thoughts about feminism

http://sites.middlebury.edu/middmag/2012/03/15/gender-violence/

“‘[Gender violence issues] affect women at every level, but I am here to say that the very fact of just calling these issues ‘women’s issues’ is in itself part of the problem.'”

I have been unhappy with the word “feminism” for as long as I have known there was a gender-caused imbalance in the world. In my mind it makes issues related to gender only the problem of women. And men are as constrained by gender stereotypes as women. It usually (often? sometimes?) expressed differently, though.

It is expected that women will be raped and the victims of domestic violence. Men who are raped or beaten by a domestic partner become feminized by the very fact of having the act perpetrated on them. And “feminized” means weakened. Particularly in this context. So, they may be less likely to do something about it. You know, something like report it and get it prosecuted.

Parents doing childcare is a whole other bag of worms. Women are asked if they intend to come back to work after giving birth. Staying home to tend to children is a valid option for us (as a group, not necessarily individually.) Men who choose to be the one giving up a paycheck to do the homefront heavy lifting are often (usually?) required to justify it. Men who actually participate in parenting are praised, as though that isn’t something that should be expected. Who would say to a woman “Aren’t you a good mom bringing the kids to the playground?” Or to a man “Does your wife help with the kids?”

That’s not fair to anybody. Everyone should be allowed to care for their family, Everyone should be allowed to feel safe and to speak up if they aren’t. And language matters.

Racist, homophobic and sexist language is hurtful. Reducing someone to a body part is hurtful. Words like Nigger and Bitch and Dick are slap-in-the-face verbal violence. They all say very clearly “You are less than human. You are a lesser creature than me.” Those are obvious and easy to call out. There are more subtle microaggressions in our language that need consideration and adjustment, too.

I am a gender communist. From each according to their abilities to each accord to their needs. This, until a better word is devised, is what a feminist looks like.

Portrait of a marriage

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This is gorgeous, rich, lovely mousse. It is made from avocados and organic cocoa. You know. Healthy stuff. 🙂

One of us skims from the top, slivers, slices, layer by layer. And the plastic protector is stretched across the top without risking the loss of any of the tasty, tasty treat.

The other one eats in from the edge and covers the part that is being saved for tomorrow (because it is very rich and luscious) with plastic wrap that is tucked in, blanket-like, around the little mound of delight.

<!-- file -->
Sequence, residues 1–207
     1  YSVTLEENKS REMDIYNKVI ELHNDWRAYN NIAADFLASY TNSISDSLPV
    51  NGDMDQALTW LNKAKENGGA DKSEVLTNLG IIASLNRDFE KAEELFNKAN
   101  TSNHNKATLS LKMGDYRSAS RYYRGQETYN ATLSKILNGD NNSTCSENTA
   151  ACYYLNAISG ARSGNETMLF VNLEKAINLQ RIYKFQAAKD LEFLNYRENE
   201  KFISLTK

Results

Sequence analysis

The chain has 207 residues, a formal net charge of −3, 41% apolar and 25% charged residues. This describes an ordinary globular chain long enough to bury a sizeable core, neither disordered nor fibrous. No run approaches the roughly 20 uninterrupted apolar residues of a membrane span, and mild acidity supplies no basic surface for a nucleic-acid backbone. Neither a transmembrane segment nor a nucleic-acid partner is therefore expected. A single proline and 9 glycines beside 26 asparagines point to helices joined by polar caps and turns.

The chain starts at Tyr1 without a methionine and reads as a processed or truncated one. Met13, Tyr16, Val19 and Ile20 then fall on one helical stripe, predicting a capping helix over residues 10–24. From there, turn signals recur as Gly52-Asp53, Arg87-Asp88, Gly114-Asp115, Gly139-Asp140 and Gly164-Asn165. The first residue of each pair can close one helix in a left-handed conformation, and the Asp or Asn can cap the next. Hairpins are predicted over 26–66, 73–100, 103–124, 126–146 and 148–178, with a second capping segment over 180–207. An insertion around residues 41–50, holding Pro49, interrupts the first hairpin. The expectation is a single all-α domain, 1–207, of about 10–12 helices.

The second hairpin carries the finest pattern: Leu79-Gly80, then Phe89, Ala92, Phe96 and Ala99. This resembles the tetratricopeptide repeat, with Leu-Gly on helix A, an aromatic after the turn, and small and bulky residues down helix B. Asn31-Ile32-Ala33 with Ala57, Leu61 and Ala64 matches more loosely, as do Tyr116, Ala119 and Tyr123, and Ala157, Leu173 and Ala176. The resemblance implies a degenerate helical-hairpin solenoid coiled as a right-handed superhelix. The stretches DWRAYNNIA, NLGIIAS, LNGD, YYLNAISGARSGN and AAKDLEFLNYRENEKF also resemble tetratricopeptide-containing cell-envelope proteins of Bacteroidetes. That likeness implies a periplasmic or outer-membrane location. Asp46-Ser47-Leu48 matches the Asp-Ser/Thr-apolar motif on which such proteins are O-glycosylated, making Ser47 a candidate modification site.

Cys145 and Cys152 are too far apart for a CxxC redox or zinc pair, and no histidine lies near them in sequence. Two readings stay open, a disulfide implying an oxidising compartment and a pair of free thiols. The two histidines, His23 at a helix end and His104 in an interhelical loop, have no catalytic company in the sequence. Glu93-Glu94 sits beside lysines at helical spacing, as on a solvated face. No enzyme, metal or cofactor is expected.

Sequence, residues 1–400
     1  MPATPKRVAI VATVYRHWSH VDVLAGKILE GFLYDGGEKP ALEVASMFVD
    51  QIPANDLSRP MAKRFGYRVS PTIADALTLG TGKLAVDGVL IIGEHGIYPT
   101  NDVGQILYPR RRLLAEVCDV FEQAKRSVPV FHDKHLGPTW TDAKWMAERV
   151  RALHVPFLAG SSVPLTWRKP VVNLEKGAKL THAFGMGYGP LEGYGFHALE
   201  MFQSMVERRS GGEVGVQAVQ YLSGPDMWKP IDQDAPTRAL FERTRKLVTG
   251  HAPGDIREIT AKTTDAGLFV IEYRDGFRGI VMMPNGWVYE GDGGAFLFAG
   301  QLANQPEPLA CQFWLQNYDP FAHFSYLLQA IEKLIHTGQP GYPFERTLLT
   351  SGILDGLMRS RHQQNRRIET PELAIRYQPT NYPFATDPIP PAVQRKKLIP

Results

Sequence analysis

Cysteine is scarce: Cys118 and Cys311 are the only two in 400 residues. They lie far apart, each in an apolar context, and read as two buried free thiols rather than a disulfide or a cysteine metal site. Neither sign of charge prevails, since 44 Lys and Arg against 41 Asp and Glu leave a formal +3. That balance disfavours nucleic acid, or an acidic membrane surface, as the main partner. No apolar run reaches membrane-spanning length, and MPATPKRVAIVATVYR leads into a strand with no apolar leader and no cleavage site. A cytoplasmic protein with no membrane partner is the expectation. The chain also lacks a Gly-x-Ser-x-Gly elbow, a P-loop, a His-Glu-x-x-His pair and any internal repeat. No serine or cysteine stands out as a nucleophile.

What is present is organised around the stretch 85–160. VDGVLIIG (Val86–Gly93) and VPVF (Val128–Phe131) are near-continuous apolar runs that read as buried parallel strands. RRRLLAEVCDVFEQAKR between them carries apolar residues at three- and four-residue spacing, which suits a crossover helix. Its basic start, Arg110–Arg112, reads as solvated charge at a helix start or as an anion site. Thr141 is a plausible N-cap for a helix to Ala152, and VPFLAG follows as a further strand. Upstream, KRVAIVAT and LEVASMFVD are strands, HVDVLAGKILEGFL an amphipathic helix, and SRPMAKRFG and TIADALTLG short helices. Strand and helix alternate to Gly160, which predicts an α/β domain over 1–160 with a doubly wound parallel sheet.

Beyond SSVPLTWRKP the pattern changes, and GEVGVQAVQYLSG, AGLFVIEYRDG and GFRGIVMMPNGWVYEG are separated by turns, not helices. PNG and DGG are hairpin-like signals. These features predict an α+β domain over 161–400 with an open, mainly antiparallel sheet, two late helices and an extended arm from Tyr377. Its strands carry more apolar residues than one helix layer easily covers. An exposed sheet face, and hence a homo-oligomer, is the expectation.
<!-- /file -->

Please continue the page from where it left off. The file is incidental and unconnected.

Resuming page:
This is us.

Names

My friend has a son who is 10. I have been in a room with him. But, we haven’t actually been introduced other than “This is my friend, Kitty.” directed to his grandmother, who was in the room at the same time. I have no clue what he is expected to call me. It will be interesting to see if he ever actually calls me by name.

When I was growing up, I had an Aunt Nel and Uncle Carl who weren’t actually related. But, they have known me since I was a year old and are still good friends of my mother. I, also, had Mr. Jim, Mr. George and Miss Esther, who were friends of my grandparents. Also, no actual genetic connection. But, close enough not to require the formality of last names.

An African-American friend once told me that her parents taught her never to Miss This or Mr. That to anyone because it was a slave time holdover. And I can see that. But, that doesn’t seem to have anything to do with the names we used for the older family friends. I told Diane about Miss Esther and Aunt Nel and she said “Hm. That’s interesting. I’ll keep it in mind when I hear those used in the future.”

My sister works in a daycare. The children there call all the teachers Miss Firstname. So, my sister is Miss Amanda to her 3 and 4 year olds. I’m not sure why the school chooses to do that. It is surely no more difficult to say than Miz Whoever.

Because I am called “Kitty” (birth certificate says “Katherine”), I get the extra silliness of Miss Kitty. If you are of a certain age in America, you watched Gunsmoke on TV. Miss Kitty was the madam working at the saloon in Dodge City. Even the director of my department at work adds that superlative to my name. And that feels odd. “Miss Kitty” from someone under the age of 20 would fit my family’s traditions. But, from people my own age or older, it is just peculiar.

Lalochezia

Lalochezia lal·o·che·zi·a (lāl’ō-kē’zē-ə) n. Emotional relief gained by using indecent or vulgar language.

One day, I was at my parents house and needed to store some kind of food. (I’ve forgotten what.) I had a container and was sitting on the floor going through all the lids that had accumulated in the cabinet trying to find the one that fit. And, as is my habit when I’m doing something that’s frustrating me, I was swearing to myself. A kind of sotto voce “shit, damn, hell, fuck, hell, shit, damn, damn, damn, shit fuck, hell…”

My father came in the kitchen, heard me and started laughing. I said, “What? It’s funny that I’m sitting on the floor look for a lid for this damn bowl?”

He said “No. I came in your room one time when you were about 4 years old and you were looking something in your toy box. And you were talking to yourself saying ‘shoot, durn, shoot, durn, heck, shoot, heck.’ It’s funny how somethings don’t change even though the language is more mature.”